The Infinity & The1 | In-Flight Massage Balls
FOR PLANES, TRAINS, AND ROAD TRIPS
FLIGHTS CAN BE LONG.
Sitting on your behind for too long and even frequent short stints can render the glutes inactive, causing pain as other muscles compensate for the loss. Tight hips and back, stiff neck and shoulders are a direct effect of prolonged sitting.
Changes in air pressure while flying can trigger inflammation, muscle tightness and nerve pressure.
Water accumulates in the tissues of our body, particularly in your lower limbs and can lead to a feeling of heaviness.
Massage balls are an effective and easy way to reduce sore muscles, tension, and tightness as well as increase blood flow to help relieve pain and stiffness.
- TARGET MUSCLES: Abductor hallucis, Abductor digiti minimi, Flexor Digitorum
Why: Rolling the feet leads to better nerve firing and muscle activation which will improve body awareness and stability. It also improves circulation and blood flow while keeping the feet mobile and relaxed.
How: While seated; slowly roll the arch of foot for 1-2 min. Next, pause on a tight/sensitive area and press firmly into the ball while breathing deeply five times.
- Target Muscle: Quadriceps
Why: Quads help extend the knee and aid in hip flexion. When the quads are tight, it restricts extension of the hip and reduces full contraction of the glute leading to possibly dormant butt syndrome where the glutes don’t fire properly when walking or running.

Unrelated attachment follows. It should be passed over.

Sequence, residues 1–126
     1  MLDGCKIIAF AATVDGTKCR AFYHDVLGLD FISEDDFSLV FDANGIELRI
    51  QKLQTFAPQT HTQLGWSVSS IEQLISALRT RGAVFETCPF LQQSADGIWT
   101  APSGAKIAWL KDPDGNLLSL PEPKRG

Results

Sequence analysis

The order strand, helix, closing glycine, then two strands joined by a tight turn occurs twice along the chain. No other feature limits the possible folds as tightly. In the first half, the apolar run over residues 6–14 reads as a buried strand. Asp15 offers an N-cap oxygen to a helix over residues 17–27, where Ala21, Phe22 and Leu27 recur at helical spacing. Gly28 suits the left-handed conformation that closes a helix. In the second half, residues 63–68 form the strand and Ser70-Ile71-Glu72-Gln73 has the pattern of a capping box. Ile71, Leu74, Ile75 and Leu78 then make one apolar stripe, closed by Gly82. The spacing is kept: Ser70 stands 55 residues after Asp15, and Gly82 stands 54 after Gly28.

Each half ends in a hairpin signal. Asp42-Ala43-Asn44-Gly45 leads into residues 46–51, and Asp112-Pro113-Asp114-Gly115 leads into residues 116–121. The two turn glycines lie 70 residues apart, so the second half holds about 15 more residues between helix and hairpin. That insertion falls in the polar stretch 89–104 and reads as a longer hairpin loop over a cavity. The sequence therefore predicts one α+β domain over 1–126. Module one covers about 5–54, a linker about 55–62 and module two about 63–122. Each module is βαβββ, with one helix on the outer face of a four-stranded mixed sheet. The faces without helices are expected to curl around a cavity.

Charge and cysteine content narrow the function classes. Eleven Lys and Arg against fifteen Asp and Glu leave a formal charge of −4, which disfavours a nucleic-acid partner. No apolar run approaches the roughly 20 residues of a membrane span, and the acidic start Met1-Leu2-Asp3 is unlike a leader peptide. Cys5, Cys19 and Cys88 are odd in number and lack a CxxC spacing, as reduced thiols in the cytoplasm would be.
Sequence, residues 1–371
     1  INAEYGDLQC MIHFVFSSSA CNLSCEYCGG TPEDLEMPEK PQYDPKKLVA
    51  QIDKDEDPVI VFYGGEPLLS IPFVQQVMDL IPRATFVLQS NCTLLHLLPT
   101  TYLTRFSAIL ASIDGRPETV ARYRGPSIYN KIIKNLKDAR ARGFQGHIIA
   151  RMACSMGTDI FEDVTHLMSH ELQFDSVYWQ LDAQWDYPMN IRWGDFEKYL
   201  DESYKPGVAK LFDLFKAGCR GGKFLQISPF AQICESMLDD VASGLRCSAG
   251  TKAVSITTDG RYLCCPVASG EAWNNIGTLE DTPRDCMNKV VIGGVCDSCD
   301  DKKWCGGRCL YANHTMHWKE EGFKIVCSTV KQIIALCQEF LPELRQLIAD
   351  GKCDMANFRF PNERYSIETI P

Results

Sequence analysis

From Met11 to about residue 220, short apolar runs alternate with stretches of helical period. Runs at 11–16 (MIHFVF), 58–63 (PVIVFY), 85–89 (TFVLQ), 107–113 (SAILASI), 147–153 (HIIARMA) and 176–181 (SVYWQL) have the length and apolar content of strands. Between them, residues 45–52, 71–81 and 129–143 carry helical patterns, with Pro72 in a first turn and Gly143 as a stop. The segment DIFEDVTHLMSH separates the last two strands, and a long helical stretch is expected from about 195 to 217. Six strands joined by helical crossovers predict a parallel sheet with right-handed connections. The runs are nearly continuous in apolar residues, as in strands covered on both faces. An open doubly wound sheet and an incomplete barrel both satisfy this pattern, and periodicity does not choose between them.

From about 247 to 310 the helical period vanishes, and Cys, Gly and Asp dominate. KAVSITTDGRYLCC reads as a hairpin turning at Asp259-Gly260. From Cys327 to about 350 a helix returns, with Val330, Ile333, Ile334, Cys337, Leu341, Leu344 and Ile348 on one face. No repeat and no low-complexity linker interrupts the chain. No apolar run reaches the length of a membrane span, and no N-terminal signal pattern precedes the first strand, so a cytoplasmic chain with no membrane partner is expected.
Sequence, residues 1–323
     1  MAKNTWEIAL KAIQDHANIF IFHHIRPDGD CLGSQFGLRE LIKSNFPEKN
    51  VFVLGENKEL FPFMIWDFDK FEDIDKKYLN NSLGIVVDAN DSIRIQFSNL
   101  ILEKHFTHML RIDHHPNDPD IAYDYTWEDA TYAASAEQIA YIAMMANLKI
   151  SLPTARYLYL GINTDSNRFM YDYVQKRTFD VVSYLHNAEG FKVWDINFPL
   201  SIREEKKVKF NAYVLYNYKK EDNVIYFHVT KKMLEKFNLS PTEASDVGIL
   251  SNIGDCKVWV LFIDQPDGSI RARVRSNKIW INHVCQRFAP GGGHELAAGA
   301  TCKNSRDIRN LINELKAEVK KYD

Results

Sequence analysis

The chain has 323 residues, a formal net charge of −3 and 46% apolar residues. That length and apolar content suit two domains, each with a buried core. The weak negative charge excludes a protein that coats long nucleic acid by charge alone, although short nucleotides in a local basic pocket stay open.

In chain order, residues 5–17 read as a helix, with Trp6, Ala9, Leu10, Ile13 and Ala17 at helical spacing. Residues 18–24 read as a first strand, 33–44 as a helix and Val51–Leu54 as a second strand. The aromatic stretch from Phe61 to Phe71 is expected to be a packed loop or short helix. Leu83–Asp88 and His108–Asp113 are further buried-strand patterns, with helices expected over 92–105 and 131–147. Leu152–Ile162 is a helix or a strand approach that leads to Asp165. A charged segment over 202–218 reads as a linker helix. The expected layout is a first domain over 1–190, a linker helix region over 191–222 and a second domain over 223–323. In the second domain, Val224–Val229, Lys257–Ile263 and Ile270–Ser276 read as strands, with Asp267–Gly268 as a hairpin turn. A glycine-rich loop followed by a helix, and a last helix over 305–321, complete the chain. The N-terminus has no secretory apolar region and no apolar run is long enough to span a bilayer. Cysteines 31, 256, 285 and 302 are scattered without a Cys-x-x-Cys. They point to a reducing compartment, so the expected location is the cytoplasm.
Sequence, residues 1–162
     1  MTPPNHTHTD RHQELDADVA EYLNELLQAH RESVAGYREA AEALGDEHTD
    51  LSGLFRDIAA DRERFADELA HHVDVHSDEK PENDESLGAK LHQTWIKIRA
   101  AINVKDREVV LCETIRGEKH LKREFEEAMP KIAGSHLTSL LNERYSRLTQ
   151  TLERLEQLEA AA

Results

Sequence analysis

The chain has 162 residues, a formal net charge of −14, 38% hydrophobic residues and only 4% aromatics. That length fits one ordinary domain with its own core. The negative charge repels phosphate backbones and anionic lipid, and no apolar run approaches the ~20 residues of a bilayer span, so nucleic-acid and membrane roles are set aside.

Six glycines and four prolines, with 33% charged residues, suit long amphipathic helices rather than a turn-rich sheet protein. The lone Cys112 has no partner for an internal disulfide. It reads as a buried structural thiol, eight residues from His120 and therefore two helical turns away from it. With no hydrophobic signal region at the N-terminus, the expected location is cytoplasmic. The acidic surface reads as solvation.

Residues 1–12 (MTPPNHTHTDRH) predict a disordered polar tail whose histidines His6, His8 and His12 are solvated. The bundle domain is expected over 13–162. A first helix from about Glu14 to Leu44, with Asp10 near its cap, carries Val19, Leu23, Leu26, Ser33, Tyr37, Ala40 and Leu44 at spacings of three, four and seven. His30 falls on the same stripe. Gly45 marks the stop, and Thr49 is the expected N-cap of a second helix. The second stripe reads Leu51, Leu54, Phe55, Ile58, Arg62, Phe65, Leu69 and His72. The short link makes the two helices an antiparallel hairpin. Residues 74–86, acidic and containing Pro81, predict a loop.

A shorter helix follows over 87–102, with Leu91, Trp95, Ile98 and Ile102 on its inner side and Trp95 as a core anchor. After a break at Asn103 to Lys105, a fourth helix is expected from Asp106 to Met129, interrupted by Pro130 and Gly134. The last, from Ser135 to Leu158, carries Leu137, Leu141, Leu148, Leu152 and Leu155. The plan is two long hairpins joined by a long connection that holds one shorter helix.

- How: While seated; roll the single massage ball vertically up and down the top of the thigh 15-20x. Once a tight area is found. Press the ball into the leg while bending and straightening the knee.
- Target Muscles: Hamstrings
Why: Tight hamstrings can cause the pelvis to tuck under (posterior pelvic tilt) which may lead to hamstring strains and injuries.
- How: While seated; place the massage ball under the belly of one hamstring. Slowly straighten and bend the knee 5 times with a pointed toe and 5 times with flexed toe for greater intensity. Next circle the lower leg around 5 times then swing right and left with ball place under the leg near the hip, center hamstring, and just above the knee.
Target Muscles: Pectoral Major & Minor
Why: Slouching can cause the pecs to shorten which over time can lead to a change in how the shoulder girdle moves. Restricted chest mobility with weakened back muscles may lead to shoulder impingements.
- How: While seated; roll the chest in slow circular motions for 30 seconds. Pause on a tight area and press firmly for 15 seconds while breathing deeply into the release. Next, roll the ball from the center of the chest on an upwards angle toward the shoulder joint, this will release the pec minor- the smaller of the two chest muscles. Find again another tight area on the pec minor, press the ball down while moving a straight arm sideways and forward.
- Target Muscles: Upper Trapezius, Splenius capitis, Levator scapulae